Saturday, June 27, 2009
Upcoming Observatory Lecture: "Bodies Embalmed by Us NEVER TURN BLACK!" Thursday, July 2, 7:30 PM
Please join Morbid Anatomy and Observatory for our next event this Thursday, July 2, at 7:30 PM:
"'Bodies Embalmed by Us NEVER TURN BLACK!' A Brief History of the Hyperstimulated Human Corpse"
John Troyer, Ph.D., Centre for Death and Society, University of Bath
Date: Thursday July 2nd
Time: 7:30 PM
In October 1902, Dr. Carl Lewis Barnes and his brother Thornton H. Barnes, both instructors at the Chicago College of Embalming, created a large exhibition of embalmed corpses and body parts for the National Funeral Directors Association in Milwaukee, WI. The Barnes brothers’ exhibit featured human specimens preserved with Bisga Embalming Fluid—a product invented and produced by Dr. Barnes for consumer use by other embalmers. The centerpiece of the exhibit was the Bisga Man, an embalmed male corpse sitting upright in a chair with one leg crossed over the other, wearing a fashionable suit.
In early twentieth century America, the Bisga Man represented the perfect nexus of mid to late nineteenth century preservation technologies that were to radically redefine the organic existence of the human corpse. Such preservation technologies represent a series of overlapping choices, embalming chemicals, apparatus, and funeral practices all intent on keeping the dead body looking ‘‘properly’’ human. Yet these external forces acting on the human corpse do much more than alter the chemical physiology of the dead body to suspend decomposition: through these forces, the concept of human death itself is simultaneously being altered.
Troyer’s talk analyses and critiques how the modern human corpse became an invented and manufactured consumer product through the industrialization of the dead body in mid nineteenth century America. More specifically, this talk illustrates how the modern human corpse is an invention of specific mid nineteenth century embalming and photographic technologies that seemingly stopped the visible effects of death as they were seen by the general public.
Bio: John Troyer is the Death and Dying Practices Associate at the Centre for Death and Society in the University of Bath, England. He received his doctorate from the University of Minnesota in Comparative Studies in Discourse and Society in May 2006. His Ph.D. dissertation, entitled “Technologies of the Human Corpse, ” was awarded the University of Minnesota’s 2006 Best Dissertation Award in the Arts and Humanities. From 2007-2008 he was a Visiting Assistant Professor in the Department of Comparative Studies at The Ohio State University teaching the cultural studies of science and technology. Within the field of Death Studies, John focuses on delineating and defining the concept of the dead human subject. His research on death and dying, coupled with a cultural studies approach to understanding the global history of science and technology, brings new life to the Centre for Death and Society. His first book, shockingly titled Technologies of the Human Corpse, will appear in 2010. His father is a funeral director.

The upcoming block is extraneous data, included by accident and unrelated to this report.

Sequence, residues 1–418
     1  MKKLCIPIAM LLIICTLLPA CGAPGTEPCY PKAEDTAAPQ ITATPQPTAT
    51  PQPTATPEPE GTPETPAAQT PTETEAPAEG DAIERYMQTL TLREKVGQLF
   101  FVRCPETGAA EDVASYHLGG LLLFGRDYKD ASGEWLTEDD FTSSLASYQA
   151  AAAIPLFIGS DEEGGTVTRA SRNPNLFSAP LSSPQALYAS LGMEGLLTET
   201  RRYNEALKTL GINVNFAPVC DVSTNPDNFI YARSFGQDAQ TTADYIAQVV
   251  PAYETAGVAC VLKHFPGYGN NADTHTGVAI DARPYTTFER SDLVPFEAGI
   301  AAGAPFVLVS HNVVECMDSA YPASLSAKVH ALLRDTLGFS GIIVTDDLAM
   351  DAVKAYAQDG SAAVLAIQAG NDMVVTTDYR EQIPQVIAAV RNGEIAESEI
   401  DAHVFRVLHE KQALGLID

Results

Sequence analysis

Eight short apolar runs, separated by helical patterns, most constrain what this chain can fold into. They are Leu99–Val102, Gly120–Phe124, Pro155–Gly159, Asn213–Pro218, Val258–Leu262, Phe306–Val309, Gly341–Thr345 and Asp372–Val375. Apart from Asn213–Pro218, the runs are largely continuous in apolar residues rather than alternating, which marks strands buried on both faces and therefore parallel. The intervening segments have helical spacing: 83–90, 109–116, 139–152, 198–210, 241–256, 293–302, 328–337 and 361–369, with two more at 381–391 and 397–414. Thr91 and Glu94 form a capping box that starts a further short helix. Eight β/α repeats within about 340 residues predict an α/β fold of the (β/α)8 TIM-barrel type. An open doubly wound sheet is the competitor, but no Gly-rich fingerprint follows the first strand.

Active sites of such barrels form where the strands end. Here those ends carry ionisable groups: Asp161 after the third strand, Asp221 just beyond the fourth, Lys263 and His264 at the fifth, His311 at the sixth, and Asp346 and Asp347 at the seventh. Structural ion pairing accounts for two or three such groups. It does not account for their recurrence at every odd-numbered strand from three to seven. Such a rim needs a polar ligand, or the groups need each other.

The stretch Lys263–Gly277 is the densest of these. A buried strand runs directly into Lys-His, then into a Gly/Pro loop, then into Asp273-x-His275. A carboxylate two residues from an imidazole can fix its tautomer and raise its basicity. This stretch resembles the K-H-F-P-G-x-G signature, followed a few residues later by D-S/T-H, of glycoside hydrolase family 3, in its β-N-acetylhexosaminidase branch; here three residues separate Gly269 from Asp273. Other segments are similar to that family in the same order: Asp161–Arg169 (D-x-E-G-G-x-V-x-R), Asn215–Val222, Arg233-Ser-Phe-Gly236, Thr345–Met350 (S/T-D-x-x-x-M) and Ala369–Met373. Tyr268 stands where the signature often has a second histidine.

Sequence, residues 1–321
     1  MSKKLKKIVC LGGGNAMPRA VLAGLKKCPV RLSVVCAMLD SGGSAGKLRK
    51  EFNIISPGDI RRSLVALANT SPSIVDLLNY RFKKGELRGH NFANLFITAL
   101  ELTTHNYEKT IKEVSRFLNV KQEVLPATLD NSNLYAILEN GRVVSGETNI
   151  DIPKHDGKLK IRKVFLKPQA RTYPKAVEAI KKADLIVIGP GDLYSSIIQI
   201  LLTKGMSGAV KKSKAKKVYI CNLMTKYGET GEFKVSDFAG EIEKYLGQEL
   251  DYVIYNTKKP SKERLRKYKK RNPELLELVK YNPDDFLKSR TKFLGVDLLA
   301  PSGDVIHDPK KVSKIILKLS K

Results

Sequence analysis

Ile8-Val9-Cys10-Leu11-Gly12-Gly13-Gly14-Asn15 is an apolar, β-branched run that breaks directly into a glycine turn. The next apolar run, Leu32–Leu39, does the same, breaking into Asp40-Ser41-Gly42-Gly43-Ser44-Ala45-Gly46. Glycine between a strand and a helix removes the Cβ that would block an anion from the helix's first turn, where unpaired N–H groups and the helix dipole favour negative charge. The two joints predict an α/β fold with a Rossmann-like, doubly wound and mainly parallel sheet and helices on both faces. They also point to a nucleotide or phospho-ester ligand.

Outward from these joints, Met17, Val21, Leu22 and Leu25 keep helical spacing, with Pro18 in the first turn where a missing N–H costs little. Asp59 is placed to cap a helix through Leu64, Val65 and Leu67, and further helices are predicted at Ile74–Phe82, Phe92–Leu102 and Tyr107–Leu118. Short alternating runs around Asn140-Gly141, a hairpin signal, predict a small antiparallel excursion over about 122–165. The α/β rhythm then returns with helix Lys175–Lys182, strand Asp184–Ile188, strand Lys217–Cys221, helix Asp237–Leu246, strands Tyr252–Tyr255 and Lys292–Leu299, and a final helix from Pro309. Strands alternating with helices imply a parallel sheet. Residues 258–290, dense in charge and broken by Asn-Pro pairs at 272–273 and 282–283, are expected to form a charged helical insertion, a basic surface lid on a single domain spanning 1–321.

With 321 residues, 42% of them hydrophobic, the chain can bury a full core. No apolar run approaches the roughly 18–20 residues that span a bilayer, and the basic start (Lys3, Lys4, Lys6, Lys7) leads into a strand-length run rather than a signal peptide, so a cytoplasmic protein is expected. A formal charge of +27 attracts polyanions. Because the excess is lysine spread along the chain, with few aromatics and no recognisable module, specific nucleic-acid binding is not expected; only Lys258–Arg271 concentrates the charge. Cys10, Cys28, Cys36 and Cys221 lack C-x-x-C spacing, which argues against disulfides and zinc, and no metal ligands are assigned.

About the Centre for Death and Society at the University of Bath: The Centre for Death & Society is the UK’s only centre devoted to the study and research of social aspects of death, dying and bereavement. It provides a centre for the social study of death, dying and bereavement and acts as a catalyst and facilitator for research, education and training, policy development, media, and community awareness. More here: www.bath.ac.uk/cdas
Observatory: 543 Union Street (at Nevins), Brooklyn, NY 11215
Enter Observatory via Proteus Gowanus Gallery
R or M train to Union Street in Brooklyn: Walk two long blocks on Union (towards the Gowanus Canal) to Nevins Street. 543 Union Street is the large red brick building on right. Go right on Nevins and left down alley through large black gates. Gallery is the second door on the left.
F or G train to Carroll Street: Walk one block to Union. Turn right, walk two long blocks on Union towards the Gowanus Canal, cross the bridge, take left on Nevins, go down the alley to the second door on the left.
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Image: I want to say a few words to the American funeral directors and embalmers: six months ago I made a few gallons of Bisga Embalming Fluid . . . I was finally able to produce a chemical which would not only remove the discolorations, if present, but would combine with the dark discolored blood and restore it to its natural color, thus removing every vestige of discolorations and thus give the body a perfect life-like appearance.
– Carl Lewis Barnes, 1902, Bisga Embalming Fluid advertisement